I can raise a camera up and the person will look a smaller in the frame. We have that regular eye level view, but then because I want an image with a little bit more kind of kick to it, I would again try dropping my camera down. And I'm exploring with these different leading lines and you know, one of the best ways to compose photographs is to physically move your camera. So often what people do is stand there, they shoot at eye level, and they just twist the zoom in and out. If you want to create good images, you really need to change that camera position.
Move it to the side to the left to right, up and down, move your feet and by doing so you can come up with some interesting options. Now here we looked at a couple of shots we could create. I know there has to be one more kind of within the train tracks. So let's go ahead and explore that location and move in deeper into this context and see what we can come up with. So here we are a little bit deeper in this train bridge and what I would want to do is position the subject somewhere in this context and probably in the center of the frame. And initially you tend a look at your subject at eye level and you say okay, that's kind of interesting and there is something that I can work with there, and what I would start to notice is that there's some options to frame the subject.
I would explore how can I do that a little bit better so that the framing would just go right around and it would arch over them and I would seek to move the camera a little bit till I had a nice sweet spot with that. I would create a couple pictures in that context. And then another way that I'd explore as I would say, well we have these lines. I've seen using these leading lines before. I would drop my camera all the way down and again this is where moving is just so important. When we do that, we start to see lines that come down to the shoulders and lines that are coming to the edge of the frame and again, it's creating a little bit of visual interest. It's that geometry that it is becoming intriguing.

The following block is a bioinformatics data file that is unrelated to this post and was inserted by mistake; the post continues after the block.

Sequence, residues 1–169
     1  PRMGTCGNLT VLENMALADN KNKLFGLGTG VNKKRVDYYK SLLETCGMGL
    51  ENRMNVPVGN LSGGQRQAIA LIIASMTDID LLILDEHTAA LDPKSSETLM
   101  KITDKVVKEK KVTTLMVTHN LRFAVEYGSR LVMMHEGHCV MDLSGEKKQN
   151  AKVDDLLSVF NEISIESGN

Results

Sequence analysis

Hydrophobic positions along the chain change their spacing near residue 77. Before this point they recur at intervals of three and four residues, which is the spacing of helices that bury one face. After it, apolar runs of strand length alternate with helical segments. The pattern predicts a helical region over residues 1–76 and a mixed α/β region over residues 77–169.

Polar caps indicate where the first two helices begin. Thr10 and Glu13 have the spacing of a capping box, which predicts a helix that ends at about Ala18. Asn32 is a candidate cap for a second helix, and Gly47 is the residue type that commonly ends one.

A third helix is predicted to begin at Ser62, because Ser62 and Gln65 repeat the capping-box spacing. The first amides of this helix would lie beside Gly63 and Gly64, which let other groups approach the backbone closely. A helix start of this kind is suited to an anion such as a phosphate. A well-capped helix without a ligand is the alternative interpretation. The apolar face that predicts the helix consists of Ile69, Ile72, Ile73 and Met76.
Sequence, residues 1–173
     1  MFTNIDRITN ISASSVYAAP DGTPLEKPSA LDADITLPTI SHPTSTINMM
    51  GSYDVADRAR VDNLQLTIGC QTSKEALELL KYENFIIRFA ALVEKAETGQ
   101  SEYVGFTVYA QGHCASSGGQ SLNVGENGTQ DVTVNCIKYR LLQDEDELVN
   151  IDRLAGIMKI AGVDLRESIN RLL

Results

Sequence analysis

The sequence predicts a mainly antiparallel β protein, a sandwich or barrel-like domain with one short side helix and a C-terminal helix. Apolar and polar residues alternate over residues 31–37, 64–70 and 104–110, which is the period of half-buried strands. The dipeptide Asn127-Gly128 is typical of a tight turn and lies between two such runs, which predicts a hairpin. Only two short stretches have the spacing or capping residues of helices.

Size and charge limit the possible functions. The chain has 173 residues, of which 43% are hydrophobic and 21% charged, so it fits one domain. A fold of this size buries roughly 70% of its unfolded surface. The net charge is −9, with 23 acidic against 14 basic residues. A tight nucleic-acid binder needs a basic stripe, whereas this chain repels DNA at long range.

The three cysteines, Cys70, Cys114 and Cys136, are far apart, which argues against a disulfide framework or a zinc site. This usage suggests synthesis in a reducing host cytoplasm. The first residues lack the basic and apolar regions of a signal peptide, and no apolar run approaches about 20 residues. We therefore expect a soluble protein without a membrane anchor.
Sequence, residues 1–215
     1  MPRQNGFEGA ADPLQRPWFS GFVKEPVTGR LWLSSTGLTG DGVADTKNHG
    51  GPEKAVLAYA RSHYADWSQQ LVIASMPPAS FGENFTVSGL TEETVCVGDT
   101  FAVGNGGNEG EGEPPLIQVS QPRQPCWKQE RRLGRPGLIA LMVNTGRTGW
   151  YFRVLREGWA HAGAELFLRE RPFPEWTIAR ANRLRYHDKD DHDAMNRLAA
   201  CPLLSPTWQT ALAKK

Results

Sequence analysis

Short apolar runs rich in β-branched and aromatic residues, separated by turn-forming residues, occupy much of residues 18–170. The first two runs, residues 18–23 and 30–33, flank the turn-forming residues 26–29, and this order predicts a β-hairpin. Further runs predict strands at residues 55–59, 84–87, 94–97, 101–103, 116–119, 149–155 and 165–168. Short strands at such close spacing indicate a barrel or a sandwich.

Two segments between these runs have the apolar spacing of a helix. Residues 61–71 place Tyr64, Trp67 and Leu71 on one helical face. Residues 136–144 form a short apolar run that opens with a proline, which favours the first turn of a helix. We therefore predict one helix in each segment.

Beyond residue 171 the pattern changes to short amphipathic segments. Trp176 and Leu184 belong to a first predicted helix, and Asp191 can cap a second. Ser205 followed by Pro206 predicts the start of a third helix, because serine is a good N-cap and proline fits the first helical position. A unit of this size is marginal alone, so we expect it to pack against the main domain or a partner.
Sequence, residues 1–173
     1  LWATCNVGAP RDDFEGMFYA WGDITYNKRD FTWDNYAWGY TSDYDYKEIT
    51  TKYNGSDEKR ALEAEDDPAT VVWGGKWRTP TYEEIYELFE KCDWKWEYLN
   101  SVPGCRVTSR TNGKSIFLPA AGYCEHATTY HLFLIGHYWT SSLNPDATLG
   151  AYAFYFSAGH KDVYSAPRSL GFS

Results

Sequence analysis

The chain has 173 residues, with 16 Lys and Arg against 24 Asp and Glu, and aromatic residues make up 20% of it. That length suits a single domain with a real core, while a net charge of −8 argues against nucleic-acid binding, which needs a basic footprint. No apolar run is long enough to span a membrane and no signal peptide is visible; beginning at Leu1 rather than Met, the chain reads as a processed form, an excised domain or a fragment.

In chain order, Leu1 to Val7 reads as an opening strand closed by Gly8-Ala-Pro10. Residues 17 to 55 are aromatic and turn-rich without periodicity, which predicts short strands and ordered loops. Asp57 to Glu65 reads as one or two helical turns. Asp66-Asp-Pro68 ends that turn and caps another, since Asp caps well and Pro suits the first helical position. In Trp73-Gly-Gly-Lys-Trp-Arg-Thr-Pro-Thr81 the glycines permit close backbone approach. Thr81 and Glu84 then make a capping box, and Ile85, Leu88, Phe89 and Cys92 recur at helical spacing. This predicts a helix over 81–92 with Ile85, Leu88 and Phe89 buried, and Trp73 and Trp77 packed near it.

After doing that once I got to that position I would start to say okay Chris, well how can you break the rules, how can you get a little creative, how can you crop in a way that isn't typical or normal, and that may be capturing an element of the frame of something that's completely different? Because I got those other shots, [00:06:19648] I am now thinking about some of the smaller images, some of the images that perhaps will act as the connective tissue between the larger images. Oftentimes when you start experimenting and pointing your camera in different ways, in different directions, tilting and moving it, you can come up with some photographs that are really fascinated.
So as you seek to work with your subject in a location, keep in mind a lot of this is about experimentation, looking at how they fit into that context, and then just shooting a number of different ways. And you know in a place like this I could shoot here literally all day. There are so many options. We're just barely scratching the surface. But my hope is that by walking through a couple of different potential shots it will start to expand how you think about composition and ultimately this will help lead you to creating images that have a stronger composition and tell even a larger variety of stories that have more power, purpose, and depth.